KATHY HUBERT

Newport

This is what fascism looks like

It can happen here. It is happening here. We see them on the television — faceless, nameless, uniforms marked misleadingly, “police” in camo. Brownshirts? Blackshirts? Aggressively they baton and detain — kidnap — Portland citizens who are exercising their First Amendment rights, mostly at a distance from the Mark Hatfield Courthouse (the late Sen. Hatfield would be turning over in his grave at the scene). They are purportedly protecting this federal property from “anarchists and terrorists.”

President Donald Trump and his minions, Attorney General William Barr and temporary (one can only hope) Homeland Security Secretary Chad Wolf also threaten to unleash the same in other cities, which are places of mostly nonviolent citizen protests. No local authorities have sensed any need for such federal intervention.

Authoritarianism is too kind a word for such abuse of the rule of law: This is what fascism looks like.

All must resist this if America is to continue to be “the last best hope” of mankind, if America is to become great again. The “Wall of Moms” in Portland, who stood between the fascist minions and a nonviolent citizenry, as well as the Black Lives Matter demonstrations, Black and white citizens together, point the way. This is what the legacy of Dr. Martin Luther King Jr. looks like. This is an appropriate, effective citizen response, the more massive the better, to the lawless violence now being perpetrated by the state.

Remember in November.

BORIS G. von YORK

Springfield, Vt.

Letter brought back uneasy memories of Nazi Germany

John Mudge’s recent letter (“Witness the coming of the brownshirts,” July 23) which referenced his similar letter published in July last year, raised my uneasy memories of what we had learned about Nazi Germany in the 1930s and during World War II.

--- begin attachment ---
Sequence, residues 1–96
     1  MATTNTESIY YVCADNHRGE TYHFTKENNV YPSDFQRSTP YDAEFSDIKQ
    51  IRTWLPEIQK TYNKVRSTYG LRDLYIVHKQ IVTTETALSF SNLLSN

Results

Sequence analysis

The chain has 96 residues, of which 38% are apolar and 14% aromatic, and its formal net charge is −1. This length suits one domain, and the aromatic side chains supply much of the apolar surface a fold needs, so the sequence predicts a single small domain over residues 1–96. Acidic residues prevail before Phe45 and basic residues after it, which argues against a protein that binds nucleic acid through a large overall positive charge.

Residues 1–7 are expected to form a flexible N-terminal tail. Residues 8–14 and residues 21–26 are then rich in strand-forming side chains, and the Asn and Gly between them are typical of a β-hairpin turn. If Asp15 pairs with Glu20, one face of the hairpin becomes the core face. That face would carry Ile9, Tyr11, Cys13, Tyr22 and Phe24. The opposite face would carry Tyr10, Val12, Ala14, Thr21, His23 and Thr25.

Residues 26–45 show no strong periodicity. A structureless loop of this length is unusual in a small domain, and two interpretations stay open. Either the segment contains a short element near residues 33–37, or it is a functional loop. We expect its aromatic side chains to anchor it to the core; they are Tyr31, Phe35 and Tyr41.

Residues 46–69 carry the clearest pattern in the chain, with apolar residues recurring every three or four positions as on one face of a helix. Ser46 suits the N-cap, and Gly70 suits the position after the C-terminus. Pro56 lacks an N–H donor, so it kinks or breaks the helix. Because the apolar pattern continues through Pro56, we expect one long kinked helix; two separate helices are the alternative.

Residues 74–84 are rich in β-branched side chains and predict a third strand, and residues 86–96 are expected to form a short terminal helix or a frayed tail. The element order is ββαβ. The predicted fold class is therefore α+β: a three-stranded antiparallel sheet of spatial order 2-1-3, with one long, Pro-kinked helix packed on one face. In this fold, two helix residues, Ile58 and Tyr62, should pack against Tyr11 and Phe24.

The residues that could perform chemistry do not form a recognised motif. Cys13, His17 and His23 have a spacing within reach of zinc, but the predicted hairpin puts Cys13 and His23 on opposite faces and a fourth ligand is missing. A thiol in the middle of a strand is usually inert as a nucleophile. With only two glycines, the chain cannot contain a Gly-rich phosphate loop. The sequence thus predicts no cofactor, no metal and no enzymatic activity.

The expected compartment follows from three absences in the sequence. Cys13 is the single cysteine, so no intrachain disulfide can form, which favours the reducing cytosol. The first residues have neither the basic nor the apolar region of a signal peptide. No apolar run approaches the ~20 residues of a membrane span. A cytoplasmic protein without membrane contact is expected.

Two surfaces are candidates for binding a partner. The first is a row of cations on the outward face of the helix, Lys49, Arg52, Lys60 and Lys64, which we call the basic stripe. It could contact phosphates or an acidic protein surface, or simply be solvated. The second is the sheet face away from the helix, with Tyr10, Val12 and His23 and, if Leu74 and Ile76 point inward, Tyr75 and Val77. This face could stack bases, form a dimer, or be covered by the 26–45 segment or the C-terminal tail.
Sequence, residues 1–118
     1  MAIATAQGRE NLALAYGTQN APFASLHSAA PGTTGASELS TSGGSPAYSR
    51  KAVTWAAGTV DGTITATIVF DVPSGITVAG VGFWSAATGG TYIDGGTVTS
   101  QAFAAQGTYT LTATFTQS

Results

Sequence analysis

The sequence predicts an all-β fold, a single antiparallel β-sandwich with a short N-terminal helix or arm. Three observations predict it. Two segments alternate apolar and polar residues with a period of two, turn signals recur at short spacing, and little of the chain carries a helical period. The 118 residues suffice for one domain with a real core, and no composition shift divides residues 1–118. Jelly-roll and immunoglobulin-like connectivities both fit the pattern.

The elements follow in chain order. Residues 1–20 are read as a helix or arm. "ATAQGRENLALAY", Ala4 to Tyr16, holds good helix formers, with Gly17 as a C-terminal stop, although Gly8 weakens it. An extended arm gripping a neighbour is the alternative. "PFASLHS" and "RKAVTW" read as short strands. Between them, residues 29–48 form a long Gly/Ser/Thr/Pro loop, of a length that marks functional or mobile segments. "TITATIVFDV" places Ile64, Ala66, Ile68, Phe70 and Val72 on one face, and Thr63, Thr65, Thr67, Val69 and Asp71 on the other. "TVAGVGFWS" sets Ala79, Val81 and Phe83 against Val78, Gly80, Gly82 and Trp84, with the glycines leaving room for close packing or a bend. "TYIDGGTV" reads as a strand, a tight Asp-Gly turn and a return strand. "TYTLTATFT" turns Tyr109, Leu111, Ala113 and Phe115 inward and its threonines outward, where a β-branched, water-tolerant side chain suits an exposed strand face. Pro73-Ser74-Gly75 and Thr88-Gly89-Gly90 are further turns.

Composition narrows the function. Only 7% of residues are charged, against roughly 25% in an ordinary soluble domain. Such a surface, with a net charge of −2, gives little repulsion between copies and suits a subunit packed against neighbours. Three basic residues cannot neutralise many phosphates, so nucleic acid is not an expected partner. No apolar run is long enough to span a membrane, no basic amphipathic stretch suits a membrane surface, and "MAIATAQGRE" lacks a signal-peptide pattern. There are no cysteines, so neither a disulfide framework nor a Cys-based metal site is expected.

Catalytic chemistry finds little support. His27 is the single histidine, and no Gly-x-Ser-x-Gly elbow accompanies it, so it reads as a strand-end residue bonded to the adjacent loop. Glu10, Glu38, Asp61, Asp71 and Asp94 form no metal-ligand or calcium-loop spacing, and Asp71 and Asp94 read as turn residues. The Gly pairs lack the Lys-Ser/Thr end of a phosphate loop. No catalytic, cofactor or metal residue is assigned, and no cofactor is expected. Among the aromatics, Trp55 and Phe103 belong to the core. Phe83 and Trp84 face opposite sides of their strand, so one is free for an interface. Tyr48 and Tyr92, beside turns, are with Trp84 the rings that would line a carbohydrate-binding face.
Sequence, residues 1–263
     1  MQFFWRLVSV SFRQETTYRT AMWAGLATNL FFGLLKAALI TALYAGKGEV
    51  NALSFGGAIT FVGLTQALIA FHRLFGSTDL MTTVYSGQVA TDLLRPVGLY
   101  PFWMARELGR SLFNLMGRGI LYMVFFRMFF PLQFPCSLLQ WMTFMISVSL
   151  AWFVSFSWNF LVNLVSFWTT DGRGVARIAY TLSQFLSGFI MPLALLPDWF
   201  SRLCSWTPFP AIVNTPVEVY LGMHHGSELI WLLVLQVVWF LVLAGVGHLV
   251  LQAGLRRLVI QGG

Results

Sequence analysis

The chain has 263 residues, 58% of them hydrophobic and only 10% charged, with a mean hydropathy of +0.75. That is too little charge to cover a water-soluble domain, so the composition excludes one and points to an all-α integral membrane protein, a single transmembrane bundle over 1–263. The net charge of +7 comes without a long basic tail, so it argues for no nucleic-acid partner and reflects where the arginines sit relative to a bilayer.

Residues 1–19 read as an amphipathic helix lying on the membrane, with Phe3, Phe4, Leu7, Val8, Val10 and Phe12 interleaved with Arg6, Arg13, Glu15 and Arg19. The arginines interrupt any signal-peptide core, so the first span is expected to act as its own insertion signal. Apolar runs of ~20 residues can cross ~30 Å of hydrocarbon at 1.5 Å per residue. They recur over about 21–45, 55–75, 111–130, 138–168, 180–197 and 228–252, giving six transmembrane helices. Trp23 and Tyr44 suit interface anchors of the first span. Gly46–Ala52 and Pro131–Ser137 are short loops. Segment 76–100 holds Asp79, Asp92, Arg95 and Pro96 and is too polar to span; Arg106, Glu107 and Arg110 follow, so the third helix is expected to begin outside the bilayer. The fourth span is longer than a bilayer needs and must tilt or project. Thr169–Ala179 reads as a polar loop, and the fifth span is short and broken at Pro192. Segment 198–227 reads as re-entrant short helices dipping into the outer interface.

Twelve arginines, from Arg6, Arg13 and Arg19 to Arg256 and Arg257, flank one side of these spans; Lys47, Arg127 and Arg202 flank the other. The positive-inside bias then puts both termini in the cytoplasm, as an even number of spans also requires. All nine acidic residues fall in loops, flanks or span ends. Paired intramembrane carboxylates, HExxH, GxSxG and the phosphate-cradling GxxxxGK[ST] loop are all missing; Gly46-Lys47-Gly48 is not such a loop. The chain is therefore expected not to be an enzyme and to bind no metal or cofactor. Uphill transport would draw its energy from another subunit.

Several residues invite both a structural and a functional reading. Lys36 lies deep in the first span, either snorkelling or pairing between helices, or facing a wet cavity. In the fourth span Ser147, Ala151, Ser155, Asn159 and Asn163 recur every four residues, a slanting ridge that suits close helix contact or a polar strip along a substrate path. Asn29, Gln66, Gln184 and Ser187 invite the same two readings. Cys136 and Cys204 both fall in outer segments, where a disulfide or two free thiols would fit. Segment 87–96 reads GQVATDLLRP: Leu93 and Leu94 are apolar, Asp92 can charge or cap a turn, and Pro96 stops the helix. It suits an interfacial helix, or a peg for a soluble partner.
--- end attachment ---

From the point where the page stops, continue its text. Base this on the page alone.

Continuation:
By not protesting, nor supporting change in our present administration, we become enablers of policies of which we will be ashamed. All eligible citizens, whatever party you support, vote, vote, vote, for change in November.

JACQUELINE GLASS

Lyme

Tim Ashe has a history of accomplishment

I am writing to urge a vote for Sen. Tim Ashe for Vermont lieutenant governor in the Aug. 11 primary. Despite his youth, Ashe has a long history of accomplishment and service at both the local and state levels, early on in the office of Bernie Sanders and most recently as president of the Vermont Senate.

He has led on issues from housing to major climate initiatives to major investments in the area of mental health to protecting workers from harassment to support for reproductive rights, just to name a few. Ashe considers his most important legislative work to be the preservation and expansion of educational opportunities for Vermont’s children. He has the respect of those in all three parties. He’s strong on issues but listens to all sides.

Ashe has helped Vermonters. He has shown strong and compassionate leadership during the first months of the pandemic and I feel fortunate he’ll be able to continue to do so. Experience counts, now more than ever. His extensive website is at www.timashe.com.

ROSS LAFFAN

Rochester, Vt.